Things got of to a bad start when I failed to find the Slav Grebes in Holbrook Bay; however, in my defence, the tide was low and it was still very windy, and holding my scope steady was problematic. Things then picked up with an adult Little Gull which flew in front of me at the eastern end of the bay (heading north-east), and then 3 female Common Scoter off Nether Hall. Rounding the point, a juvenile Great Northern Diver was feeding close inshore just west of Johnny All Alone Creek.

2 of the 3 Scoter

At Johnny All Alone there were 415 Brents washing and loafing on the mud, and I scanned them for a Black Brant, without luck.I couldn't find much between JAA and Shotley Gate, although a female Marsh Harrier was hunting over the saltings in Erwarton Bay, and there was another flock of Brents below Kiln Queach - 297 (of which c.40 were juveniles), but again none were sporting snowy flanks. Reaching Shotley Marina, the expected Med Gulls numbered three adult winters.

Med Gull

Leaving the Stour behind me, I turned up the Orwell, coming across another party of Brents, totalling 261, at the southern end of SHotley Marshes. Still no Brant. However, another small flock was further along, this time numbering 140, which finally produced my main target of the day, a fine adult Black Brant, which I watched and photo'd for a while; I think this is now the third one of these I've found on the grazing marshes here - the first in 2004 when it still needed a description being sent to BBRC! 

I rounded things off at Crane's Hill, with a Peregrine scattering the waders that were roosting on the saltings, and examined the damage to the flood banks and the flooded grazing marsh to the north - not quite on the same scale as what happened elsewhere, but impressive nevertheless. All in all, a good day. 

Scoured floodbanks at Crane's Hill, with Felixstowe in the distance
Flooded grazing marsh at Crane's Hill

On Boxing Day, I paid another visit to Holbrook Bay, this time successfully,easily picking out 6 Slavonian Grebes on the river. Nearby, the Black-throated Diver showed well at Alton Water off the sailing club, and on the Strand, from Stoke Sailing Club, a Scaup was feeding amongst the boats and the Peregrine was in residence on the bridge.

Saturday, 28 December 2013

Christmas Eve eve

An early afternoon look at Cotham Landfill, before heading down to Suffolk, produced the 1w Iceland Gull again; however, there were very few gulls at all.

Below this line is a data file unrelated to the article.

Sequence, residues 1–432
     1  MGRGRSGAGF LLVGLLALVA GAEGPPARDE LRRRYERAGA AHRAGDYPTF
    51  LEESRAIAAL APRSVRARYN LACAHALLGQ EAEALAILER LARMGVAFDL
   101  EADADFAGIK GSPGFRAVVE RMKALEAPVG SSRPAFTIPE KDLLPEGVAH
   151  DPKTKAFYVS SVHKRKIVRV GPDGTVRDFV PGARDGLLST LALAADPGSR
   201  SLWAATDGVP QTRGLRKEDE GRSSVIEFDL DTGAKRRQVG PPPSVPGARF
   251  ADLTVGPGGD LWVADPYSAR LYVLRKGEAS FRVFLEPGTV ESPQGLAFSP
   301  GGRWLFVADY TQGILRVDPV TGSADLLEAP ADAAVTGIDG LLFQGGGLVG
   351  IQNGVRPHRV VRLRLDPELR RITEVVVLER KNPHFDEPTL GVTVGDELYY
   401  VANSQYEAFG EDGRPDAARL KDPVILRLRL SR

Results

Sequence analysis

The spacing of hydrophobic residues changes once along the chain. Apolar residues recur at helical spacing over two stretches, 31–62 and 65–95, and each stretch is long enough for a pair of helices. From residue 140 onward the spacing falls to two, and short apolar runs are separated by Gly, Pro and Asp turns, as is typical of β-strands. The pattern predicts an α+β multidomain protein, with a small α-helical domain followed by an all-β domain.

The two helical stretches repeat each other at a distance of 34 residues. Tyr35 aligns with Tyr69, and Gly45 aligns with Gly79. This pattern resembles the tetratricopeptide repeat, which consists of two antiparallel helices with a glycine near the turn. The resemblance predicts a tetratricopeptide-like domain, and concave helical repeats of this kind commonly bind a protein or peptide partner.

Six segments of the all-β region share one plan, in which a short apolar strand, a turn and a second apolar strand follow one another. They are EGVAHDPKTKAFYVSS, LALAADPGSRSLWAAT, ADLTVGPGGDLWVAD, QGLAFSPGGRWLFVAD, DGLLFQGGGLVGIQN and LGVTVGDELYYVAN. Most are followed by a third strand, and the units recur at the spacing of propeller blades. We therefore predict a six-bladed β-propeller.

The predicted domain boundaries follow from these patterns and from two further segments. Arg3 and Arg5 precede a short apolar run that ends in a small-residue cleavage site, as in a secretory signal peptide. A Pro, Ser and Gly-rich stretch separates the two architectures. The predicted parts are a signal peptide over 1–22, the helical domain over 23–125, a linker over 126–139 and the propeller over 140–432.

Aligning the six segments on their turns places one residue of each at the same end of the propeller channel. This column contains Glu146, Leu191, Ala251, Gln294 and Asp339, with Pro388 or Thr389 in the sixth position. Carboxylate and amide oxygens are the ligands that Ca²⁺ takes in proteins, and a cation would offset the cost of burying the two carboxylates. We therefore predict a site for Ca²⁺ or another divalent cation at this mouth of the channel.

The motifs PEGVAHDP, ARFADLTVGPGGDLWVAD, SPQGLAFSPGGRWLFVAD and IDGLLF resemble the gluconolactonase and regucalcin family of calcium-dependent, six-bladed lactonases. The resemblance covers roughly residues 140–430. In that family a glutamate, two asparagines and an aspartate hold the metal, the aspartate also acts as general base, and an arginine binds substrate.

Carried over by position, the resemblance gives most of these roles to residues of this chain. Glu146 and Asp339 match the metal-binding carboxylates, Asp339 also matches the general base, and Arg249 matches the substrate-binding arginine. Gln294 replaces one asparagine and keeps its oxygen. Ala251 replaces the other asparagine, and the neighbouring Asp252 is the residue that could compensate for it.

Given the lack of gulls, I gave up after about half an hour and had a bomb around Collingham; there was a rather wind-blown Peregrine hunkering down on a gravel ridge on Ferry Lane Lake, and at least 2 Whooper Swans in with the Mute herd on the opposite side of the Trent, viewed from the conveyor outfall; however it was so windy I could barely stand up straight, let alone hold my scope steady, so there may have been a couple more in there. 


Sunday, 22 December 2013

Gull redemption

Today's birding began with a belated visit to Girton Pits to do my WeBS count. Other than 30 Goldeneye on the A1133 Pit, there wasn't much of note at all; the Sailing Lake hardly had a bird on it - I've never seen it so birdless in December. 

Collingham was next, and after an equally quiet start, things picked up when I reached Mons Pool; there was a single large white-headed gull on the water, with a parallel sided bill, beady black eye, mid-grey upperparts and lots of white in the wing - an adult Caspian Gull by the look of it. It slowly drifted right in the strong wind, before flying back to its starting point, showing a nice Caspo wing pattern with greyish tongues extending into limited black on the wing tips, along with a large white tip to P10 and a large white mirror on P9 (I couldn't make out P5 though). It also appeared to be missing at least part of one of it's legs. After a while it flew again, alighting briefly on one of the islands, and it was indeed missing it's right leg from halfway down its tarsus. Before I could grab a photo it then flew north on long, elegant wings, and was lost from view. After friday's debacle it was nice to find this bird!

Aside from the Caspo, there was also a drake Shelduck on Mons Pool, and two Chiffchaffs in the sallows around the southern shore. These were both seen and heard, and were regular Chiffies (not Sibes unfortunately); I thought I'd heard one briefly last visit, so good to confirm their presence; hopefully they'll stick into the new year. Away from Mons, a Green Sand on Ferry Lane Lake and a Redshank on the Silt Lagoon were the pick of the bunch. 

I googled the gull when I got home, and this looks to be the same as a bird nicknamed 'Stumpy' which has been visiting tips in Lincolnshire for several years - see here and here. I guess that on a sunday, with its favourite tip presumably not working, it was on a bit of a wander round.